Originally published 2016-09-07: One woman will live forever through a part of her stolen by doctors in The Immortal Life of Henrietta Lacks by Rebecca Skloot
Before I read this book, I had never heard of Henrietta Lacks. Have you?
From what I understand, it’s a mixed bag. Some people have heard of her, and some people haven’t, but there isn’t a clear distinction as to why her name isn’t on more peoples’ lips. Is it a lack of interest in science? History? Rights?
For those of you who don’t know, Henrietta Lacks was an African American tobacco farmer whose cells were taken without her knowledge by a doctor while undergoing cancer treatment at Johns Hopkins Hospital in the 1950s.
These cells – called HeLa for short – would go on to help doctors with everything from vaccines to cloning, but the Lacks family would never receive any sort of compensation.
Her name was Henrietta Lacks, but scientists know her as HeLa. She was a poor black tobacco farmer whose cells—taken without her knowledge in 1951—became one of the most important tools in medicine, vital for developing the polio vaccine, cloning, gene mapping, and more. Henrietta’s cells have been bought and sold by the billions, yet she remains virtually unknown, and her family can’t afford health insurance. This phenomenal New York Times bestseller tells a riveting story of the collision between ethics, race, and medicine; of scientific discovery and faith healing; and of a daughter consumed with questions about the mother she never knew.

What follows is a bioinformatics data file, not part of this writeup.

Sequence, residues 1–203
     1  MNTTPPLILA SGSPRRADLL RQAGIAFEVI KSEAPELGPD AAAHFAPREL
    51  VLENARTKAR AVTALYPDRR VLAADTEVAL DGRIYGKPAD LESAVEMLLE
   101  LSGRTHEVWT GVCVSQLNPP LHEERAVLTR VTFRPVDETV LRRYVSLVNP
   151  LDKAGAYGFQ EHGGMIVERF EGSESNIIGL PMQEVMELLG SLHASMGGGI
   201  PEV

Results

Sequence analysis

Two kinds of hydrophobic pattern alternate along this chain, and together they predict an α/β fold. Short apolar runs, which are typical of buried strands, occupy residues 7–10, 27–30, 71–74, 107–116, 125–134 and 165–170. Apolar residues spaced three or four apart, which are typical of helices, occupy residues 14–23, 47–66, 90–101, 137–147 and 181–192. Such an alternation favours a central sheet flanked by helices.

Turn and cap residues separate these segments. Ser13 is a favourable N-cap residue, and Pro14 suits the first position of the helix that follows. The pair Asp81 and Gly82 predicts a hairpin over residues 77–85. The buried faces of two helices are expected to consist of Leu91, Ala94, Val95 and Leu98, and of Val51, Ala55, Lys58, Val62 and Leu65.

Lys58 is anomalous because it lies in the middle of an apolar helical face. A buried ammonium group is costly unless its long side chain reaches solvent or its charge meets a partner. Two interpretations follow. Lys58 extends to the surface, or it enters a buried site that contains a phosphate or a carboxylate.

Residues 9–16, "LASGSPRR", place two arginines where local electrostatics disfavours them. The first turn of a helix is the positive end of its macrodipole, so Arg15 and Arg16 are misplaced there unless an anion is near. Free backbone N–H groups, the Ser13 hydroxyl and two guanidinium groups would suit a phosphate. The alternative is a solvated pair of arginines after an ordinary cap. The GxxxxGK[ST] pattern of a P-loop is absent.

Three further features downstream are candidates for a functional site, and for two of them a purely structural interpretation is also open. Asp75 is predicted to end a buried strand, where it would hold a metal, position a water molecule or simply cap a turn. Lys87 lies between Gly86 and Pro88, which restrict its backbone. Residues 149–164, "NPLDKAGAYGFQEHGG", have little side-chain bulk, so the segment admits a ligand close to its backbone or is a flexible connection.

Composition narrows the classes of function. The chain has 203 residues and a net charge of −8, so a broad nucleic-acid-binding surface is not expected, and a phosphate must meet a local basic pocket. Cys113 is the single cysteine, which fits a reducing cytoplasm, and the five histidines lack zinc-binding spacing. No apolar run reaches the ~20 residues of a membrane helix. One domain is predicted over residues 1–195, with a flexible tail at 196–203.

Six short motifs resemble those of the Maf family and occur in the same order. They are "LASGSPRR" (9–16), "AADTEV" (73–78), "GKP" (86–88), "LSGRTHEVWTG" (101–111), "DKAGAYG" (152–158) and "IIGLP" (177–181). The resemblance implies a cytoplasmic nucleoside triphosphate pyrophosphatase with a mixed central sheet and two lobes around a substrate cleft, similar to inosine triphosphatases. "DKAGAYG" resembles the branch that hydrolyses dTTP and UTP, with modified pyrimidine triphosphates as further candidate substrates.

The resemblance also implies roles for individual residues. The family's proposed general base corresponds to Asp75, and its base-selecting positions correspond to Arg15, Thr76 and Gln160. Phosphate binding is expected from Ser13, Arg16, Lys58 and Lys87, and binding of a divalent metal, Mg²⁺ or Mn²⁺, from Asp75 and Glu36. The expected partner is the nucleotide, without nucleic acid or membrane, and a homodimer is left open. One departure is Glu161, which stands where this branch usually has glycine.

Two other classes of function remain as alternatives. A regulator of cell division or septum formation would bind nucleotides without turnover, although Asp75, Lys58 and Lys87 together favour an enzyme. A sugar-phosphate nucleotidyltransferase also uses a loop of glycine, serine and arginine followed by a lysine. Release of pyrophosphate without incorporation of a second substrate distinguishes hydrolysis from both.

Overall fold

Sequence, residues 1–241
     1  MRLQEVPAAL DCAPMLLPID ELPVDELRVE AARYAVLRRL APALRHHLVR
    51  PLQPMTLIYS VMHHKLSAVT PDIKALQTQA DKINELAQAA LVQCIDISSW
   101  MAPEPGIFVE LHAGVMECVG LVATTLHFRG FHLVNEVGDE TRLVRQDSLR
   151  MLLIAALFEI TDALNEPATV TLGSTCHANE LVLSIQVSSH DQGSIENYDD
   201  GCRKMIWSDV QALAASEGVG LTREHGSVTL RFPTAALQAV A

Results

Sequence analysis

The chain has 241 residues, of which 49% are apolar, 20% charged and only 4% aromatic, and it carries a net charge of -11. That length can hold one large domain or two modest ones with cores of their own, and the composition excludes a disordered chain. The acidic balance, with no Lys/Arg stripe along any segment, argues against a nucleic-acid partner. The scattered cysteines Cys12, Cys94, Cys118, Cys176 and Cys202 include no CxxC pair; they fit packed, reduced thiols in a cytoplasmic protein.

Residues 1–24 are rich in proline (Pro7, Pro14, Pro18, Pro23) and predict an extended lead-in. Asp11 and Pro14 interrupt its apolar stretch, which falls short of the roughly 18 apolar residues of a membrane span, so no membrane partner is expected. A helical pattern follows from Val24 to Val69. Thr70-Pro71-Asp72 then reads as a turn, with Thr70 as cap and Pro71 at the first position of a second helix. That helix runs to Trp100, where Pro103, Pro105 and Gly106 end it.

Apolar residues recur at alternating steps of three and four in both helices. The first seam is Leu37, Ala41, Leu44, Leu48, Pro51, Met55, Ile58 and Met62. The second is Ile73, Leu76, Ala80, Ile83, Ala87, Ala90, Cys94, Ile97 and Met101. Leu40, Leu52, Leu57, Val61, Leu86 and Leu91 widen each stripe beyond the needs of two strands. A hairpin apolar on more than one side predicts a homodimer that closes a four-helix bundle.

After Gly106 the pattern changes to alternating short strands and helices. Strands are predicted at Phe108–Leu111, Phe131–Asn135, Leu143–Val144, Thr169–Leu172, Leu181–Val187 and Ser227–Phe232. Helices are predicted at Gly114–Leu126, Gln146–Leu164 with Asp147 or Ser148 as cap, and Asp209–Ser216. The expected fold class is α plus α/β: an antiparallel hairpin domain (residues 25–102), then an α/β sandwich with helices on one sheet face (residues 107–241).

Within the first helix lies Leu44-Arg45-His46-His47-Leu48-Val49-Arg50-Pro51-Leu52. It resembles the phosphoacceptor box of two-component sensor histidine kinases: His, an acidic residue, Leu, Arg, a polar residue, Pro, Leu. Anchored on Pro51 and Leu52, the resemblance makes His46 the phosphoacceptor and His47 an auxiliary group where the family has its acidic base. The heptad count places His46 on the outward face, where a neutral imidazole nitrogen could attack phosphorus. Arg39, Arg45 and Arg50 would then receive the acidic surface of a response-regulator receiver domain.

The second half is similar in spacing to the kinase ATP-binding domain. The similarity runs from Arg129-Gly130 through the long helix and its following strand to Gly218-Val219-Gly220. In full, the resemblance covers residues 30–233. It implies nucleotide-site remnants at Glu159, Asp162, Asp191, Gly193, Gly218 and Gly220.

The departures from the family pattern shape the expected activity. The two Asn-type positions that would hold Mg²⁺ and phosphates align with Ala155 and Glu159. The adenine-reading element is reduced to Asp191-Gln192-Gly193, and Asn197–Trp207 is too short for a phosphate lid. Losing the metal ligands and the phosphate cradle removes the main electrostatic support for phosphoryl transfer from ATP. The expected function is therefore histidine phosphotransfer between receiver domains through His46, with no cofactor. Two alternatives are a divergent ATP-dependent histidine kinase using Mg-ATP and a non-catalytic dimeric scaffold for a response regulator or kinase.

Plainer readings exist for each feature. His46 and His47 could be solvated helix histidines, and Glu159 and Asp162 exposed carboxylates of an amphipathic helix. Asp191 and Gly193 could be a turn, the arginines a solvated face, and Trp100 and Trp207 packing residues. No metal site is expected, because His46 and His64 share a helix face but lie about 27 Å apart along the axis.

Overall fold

This book is a detailed account of the life and impact of Henrietta Lacks and her family. Without her (however unwilling) contribution to science, it’s impossible to know where the world would be today – but it would surely not be a pretty picture.
For that she should be immortalized, and this book is one step closer to the recognition she deserves.
That being said, if you’re not into heavy backstory, this book might get a little chunky at times. Deep detail into the life of Henrietta’s ancestors, children, and grandchildren is laid out in full-focus on these pages. The research of doctors and scientists using HeLa cells is explained, sometimes more than once, at different educational levels as the author learns about it, she teaches the family about it, and as it is explained in medical findings.
In short, this book had a lot of really good information, and I’m glad I read it – even if I had a few moments when my eyes glossed over.
The Immortal Life of Henrietta Lacks by Rebecca Skloot gets four of five stars for being informative and interesting.
This is book #19 on my quest to #ReadMyOwnDamnBooks.
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